Conservatism stands on pillars far deeper than Karl Marx or Adam Smith. If conservatives can rediscover those traditions and come to terms with an evolving world, they will have a vital role to play in building a post-Cold War order
When Mitt Romney last year described himself as “severely conservative,” he was perhaps marking the nadir in the decline of conservatism as a potent, coherent political philosophy. In common usage now “conservative” means little more than “very enthusiastically Republican.” Thus a “moderate” is a so-so Republican and a “liberal” is an enemy of the party.
That loss of meaning comes in large part from a change in circumstances that conservatives have been slow to acknowledge. After the Cold War the alignments that defined conservatism for generations are gone like smoke. The powerful philosophical foundations that lay beneath those assumptions have for the most part been pasted over by bumper stickers and weakened by angst.
Conservatism stands on pillars far deeper than Karl Marx or Adam Smith. If conservatives can rediscover those traditions and come to terms with an evolving world, they will have a vital role to play in building a post-Cold War order.
The roots of conservatism stretch back to ancient understandings of human nature expressed by Plato and the later philosophers of the Roman Republic. The American and French Revolutions inspired the first modern efforts to define conservatism in the English-speaking world, best articulated at the time by the British parliamentarian Edmund Burke. The philosophy was probably best defined for our time by Russell Kirk in the 1950’s.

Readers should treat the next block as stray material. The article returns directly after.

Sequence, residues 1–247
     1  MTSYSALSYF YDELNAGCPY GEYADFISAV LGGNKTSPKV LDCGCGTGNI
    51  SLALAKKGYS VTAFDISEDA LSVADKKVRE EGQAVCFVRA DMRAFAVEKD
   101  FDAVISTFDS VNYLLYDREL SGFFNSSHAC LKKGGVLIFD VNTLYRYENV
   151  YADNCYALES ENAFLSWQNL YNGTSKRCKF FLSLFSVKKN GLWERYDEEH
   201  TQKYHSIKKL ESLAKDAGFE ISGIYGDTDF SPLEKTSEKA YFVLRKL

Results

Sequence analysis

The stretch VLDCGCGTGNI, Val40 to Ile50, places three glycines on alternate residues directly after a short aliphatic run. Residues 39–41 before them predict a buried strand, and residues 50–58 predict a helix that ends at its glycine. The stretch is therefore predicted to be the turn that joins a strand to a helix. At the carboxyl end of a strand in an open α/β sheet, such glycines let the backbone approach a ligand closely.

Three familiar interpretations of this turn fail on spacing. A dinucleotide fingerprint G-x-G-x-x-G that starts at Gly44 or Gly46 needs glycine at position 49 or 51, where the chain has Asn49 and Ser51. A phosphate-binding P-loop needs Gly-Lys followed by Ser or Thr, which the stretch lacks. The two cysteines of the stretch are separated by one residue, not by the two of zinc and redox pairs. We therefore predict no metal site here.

Kirk helped found the National Review along with William F. Buckley. Through his influence on Ronald Reagan and Margaret Thatcher, Kirk’s version of conservatism became the pole star of right wing politics in the late 20th Century.
In his 1953 book, The Conservative Mind: From Burke to Eliot, Kirk summarized conservatism in six central tenets:
1) Belief in a transcendent order
2) Respect for the complexity of human existence
3) Civilized society requires orders and classes
4) Freedom and property are closely linked
5) Distrust of “sophisters, calculators, and economists” who would reconstruct society upon abstract designs
6) Change is necessary, but it must proceed carefully, cautiously, and with an eye toward preserving core social institutions
Kirk believed that a natural order set in place by a transcendent power governs political life in much the same way that physics guides the stars. That natural order is imperfect and sometimes unfair, but it preserves us from the ravages of our animal instincts.
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